The following Personal Tax guidance note Produced by Tolley provides comprehensive and up to date tax information covering:
The proforma for calculating an individual’s tax liability is very important. The method for arriving at the tax due is set out step by step in ITA 2007, s 23. This is illustrated in the attached proforma and is explained in words below.
The tax software will calculate the tax due automatically based on the entries made on the tax return; however, it is important to know the principles of the income tax computation so that you can check that it is correct.
Firstly, it is necessary to identify the amount(s) of income on which the individual is taxable in the tax year, using the rules applicable for each source of income. Each type of income is a component of the total tax liability.
The following are all components of total income:
trading income *
partnership income *
employment income *
pension income *
property income *
miscellaneous income *
* These sources of income are collectively known as non-savings income for the purpose of calculating the tax liability. ‘Non-savings income’ is income which is not savings income or dividend income.
Trust income may or may not be non-savings income, depending on the type of trust and the type of income. See the Interest in possession beneficiaries, Discretionary trust beneficiaries and Settlor-interested trusts guidance notes.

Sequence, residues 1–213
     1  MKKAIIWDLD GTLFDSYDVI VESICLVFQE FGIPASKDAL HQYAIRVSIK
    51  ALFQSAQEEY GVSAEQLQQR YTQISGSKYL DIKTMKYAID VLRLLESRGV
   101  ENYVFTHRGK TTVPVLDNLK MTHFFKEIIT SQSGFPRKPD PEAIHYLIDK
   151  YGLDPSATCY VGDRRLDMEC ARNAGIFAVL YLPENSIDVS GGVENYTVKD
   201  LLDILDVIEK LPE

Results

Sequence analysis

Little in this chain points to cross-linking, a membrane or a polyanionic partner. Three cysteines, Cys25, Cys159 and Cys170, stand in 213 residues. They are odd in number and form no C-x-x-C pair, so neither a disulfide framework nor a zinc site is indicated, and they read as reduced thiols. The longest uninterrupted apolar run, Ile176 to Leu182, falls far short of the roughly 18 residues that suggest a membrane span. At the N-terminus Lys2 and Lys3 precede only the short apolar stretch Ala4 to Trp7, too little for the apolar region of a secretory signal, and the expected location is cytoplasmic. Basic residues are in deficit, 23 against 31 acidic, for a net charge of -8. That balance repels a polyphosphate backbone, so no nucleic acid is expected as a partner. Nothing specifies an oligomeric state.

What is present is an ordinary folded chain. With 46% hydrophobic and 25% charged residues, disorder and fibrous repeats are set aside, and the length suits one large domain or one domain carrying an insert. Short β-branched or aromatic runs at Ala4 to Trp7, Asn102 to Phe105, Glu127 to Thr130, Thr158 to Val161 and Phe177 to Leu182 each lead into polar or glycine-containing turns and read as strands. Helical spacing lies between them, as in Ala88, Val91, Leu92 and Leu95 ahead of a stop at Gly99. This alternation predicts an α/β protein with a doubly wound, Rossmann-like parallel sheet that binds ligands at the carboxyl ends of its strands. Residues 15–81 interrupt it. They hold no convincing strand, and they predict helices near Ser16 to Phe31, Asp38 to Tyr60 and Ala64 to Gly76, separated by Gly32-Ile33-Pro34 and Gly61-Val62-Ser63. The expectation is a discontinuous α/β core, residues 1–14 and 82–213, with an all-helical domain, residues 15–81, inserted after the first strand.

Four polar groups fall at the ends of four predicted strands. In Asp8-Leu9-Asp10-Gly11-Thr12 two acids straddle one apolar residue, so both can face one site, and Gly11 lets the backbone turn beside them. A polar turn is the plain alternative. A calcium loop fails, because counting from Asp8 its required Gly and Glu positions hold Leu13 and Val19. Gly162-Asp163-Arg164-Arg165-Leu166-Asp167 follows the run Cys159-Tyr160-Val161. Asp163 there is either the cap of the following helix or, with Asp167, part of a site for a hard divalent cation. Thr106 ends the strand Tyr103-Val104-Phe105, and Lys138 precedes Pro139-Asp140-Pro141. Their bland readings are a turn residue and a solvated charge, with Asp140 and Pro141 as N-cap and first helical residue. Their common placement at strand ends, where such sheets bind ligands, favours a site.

Remember, where tax has been deducted at source (eg on salary) it is the gross amount of the income that is included in the income tax computation.
Foreign income tends to be taxed in the same way as its source. For example, foreign bank interest is taxable as savings income and foreign pension income is taxable as pension income. The exception to this is where the taxpayer has accessed the remittance basis of assessment, in which case he is only taxable on the foreign income which he remits (brings) to the UK in the tax year and this remitted income is treated as non-savings income.
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